Objective: To improve walking and other aspects of physical function with a progressive 6-month exercise program in patients with multiple sclerosis (MS).
Methods: MS patients with mild to moderate disability (Expanded Disability Status Scale scores 1.0 to 5.5) were randomly assigned to an exercise or control group. The intervention consisted of strength and aerobic training initiated during 3-week inpatient rehabilitation and continued for 23 weeks at home. The groups were evaluated at baseline and at 6 months. The primary outcome was walking speed, measured by 7.62 m and 500 m walk tests. Secondary outcomes included lower extremity strength, upper extremity endurance and dexterity, peak oxygen uptake, and static balance. An intention-to-treat analysis was used.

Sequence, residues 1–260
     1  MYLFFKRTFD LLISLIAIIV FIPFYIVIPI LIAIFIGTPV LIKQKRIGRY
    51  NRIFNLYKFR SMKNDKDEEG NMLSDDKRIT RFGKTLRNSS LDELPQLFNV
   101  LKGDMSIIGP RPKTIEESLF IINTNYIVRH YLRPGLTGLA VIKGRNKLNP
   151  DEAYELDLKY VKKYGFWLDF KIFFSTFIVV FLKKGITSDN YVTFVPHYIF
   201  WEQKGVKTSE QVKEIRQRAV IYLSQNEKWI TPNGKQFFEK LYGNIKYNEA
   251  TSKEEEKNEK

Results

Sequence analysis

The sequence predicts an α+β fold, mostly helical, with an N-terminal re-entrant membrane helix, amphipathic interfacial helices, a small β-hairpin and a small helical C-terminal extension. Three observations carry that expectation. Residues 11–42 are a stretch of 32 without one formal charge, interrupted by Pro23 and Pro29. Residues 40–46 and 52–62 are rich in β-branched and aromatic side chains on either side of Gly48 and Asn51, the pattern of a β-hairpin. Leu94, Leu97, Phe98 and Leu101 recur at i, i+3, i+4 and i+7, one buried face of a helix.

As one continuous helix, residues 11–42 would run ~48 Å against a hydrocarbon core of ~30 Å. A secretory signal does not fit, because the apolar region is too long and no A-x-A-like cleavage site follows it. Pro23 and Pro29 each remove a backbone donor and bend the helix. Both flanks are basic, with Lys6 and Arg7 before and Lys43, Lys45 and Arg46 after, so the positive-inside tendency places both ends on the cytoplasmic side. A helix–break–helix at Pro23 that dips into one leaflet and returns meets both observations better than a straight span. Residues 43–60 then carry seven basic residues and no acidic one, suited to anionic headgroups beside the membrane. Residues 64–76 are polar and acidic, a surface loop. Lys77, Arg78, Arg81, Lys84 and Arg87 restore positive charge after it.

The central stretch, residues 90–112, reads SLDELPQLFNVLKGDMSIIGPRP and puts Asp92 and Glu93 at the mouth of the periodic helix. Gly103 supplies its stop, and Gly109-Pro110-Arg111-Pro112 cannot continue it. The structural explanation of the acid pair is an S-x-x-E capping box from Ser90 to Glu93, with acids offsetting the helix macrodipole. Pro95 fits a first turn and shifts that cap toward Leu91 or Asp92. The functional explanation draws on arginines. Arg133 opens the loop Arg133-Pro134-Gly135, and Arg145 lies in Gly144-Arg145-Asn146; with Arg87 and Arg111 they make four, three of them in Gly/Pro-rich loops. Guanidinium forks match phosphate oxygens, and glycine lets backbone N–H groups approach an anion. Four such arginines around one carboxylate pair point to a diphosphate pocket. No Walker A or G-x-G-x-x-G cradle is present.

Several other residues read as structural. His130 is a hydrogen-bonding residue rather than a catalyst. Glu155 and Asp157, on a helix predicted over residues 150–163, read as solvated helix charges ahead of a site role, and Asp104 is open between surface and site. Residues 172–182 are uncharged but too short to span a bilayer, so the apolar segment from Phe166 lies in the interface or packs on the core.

Results: Ninety-one (96%) of the 95 patients entering the study completed it. Change between groups was significant in the 7.62 m (p = 0.04) and 500 m walk tests (p = 0.01). In the 7.62 m walk test, 22% of the exercising patients showed clinically meaningful improvements. The exercise group also showed increased upper extremity endurance as compared to controls. No other noteworthy exercise-induced changes were observed. Exercise adherence varied considerably among the exercisers.
Conclusions: Walking speed improved in this randomized study. The results confirm that exercise is safe for multiple sclerosis patients and should be recommended for those with mild to moderate disability.